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Although America is unquestionably a nation of immigrants, its immigration policies have inspired more questions than consensus on who should be admitted and what the path to citizenship should be. In Americans in Waiting, Hiroshi Motomura looks to a forgotten part of our past to show how, for over 150 years, immigration was assumed to be a transition to citizenship, with immigrants essentially being treated as future citizens--Americans in waiting. Challenging current conceptions, the author deftly uncovers how this view, once so central to law and policy, has all but vanished. Motomura explains how America could create a more unified society by recovering this lost history and by giving immigrants more, but at the same time asking more of them. A timely, panoramic chronicle of immigration and citizenship in the United States, Americans in Waiting offers new ideas and a fresh perspective on current debates.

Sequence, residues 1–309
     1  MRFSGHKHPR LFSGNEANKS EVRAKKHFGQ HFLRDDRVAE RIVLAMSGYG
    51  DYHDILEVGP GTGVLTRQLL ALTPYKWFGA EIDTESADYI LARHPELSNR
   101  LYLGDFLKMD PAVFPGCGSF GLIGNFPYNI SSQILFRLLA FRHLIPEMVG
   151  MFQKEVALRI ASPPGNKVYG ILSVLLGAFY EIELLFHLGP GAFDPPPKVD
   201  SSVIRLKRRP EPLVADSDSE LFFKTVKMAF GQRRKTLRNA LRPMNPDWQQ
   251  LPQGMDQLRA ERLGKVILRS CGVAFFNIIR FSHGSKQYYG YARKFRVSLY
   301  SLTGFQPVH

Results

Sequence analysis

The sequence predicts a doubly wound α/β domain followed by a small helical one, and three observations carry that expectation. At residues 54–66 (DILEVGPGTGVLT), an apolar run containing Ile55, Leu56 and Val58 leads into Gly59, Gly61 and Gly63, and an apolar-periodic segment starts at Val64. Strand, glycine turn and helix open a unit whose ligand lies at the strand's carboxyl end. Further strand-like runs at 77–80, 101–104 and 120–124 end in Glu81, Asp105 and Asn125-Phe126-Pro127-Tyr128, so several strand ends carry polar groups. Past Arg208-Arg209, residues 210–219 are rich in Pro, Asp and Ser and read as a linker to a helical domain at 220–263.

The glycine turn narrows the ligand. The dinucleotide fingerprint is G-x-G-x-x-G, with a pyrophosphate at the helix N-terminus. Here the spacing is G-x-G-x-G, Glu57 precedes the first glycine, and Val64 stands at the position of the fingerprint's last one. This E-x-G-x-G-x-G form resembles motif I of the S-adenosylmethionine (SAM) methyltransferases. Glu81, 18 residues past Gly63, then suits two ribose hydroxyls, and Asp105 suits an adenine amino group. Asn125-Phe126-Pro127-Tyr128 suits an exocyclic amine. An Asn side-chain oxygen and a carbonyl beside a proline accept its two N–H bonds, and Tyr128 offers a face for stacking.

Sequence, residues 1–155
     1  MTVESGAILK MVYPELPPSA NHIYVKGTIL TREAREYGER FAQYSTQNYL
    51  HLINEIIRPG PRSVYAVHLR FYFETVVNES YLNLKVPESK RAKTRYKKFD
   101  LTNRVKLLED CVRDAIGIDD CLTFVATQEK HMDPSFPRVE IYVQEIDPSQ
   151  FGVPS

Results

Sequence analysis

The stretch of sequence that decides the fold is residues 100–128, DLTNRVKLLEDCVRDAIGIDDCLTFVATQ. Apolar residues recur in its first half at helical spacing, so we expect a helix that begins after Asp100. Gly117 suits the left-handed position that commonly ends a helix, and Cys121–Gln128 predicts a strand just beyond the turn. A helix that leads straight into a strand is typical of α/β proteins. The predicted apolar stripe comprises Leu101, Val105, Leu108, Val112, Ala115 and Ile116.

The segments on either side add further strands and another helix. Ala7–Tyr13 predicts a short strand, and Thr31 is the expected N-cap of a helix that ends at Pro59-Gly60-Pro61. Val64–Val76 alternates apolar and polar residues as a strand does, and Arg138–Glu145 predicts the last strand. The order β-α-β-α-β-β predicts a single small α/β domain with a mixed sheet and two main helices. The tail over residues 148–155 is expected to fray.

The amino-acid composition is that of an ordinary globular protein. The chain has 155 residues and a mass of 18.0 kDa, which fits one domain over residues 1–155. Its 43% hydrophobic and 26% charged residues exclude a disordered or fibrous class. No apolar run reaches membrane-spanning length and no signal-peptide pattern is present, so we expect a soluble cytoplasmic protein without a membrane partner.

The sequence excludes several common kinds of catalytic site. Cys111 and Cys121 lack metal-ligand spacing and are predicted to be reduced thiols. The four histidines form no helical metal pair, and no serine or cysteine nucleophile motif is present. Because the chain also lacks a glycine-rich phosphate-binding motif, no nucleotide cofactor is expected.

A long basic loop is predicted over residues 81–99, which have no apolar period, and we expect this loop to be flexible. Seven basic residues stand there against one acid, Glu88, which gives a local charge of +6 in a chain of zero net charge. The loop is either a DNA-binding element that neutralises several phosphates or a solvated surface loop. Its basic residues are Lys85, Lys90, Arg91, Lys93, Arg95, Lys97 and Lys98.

The Rights of Non-citizens

Author: United Nations. Office of the High Commissioner for Human Rights

Publisher: United Nations Publications

ISBN: 9789211541755

Category: Law

Page: 51

View: 8148

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International human rights law is founded on the premise that all persons, by virtue of their essential humanity, should enjoy all human rights. Exceptional distinctions, for example between citizens and non-citizens, can be made only if they serve a legitimate State objective and are proportional to the achievement of the objective. Non-citizens can include: migrants, refugees and asylum seekers, victims of trafficking, foreign students, temporary visitors and stateless people. This publication looks at the diverse sources of international law and emerging international standards protecting the rights of non-citizens, including international conventions and reports by UN and treaty bodies

Immigration Practice - 15th Edition

Author: Robert C. Divine

Publisher: Juris Publishing, Inc.

ISBN: 1578233461

Category: Law

Page: 1758

View: 6699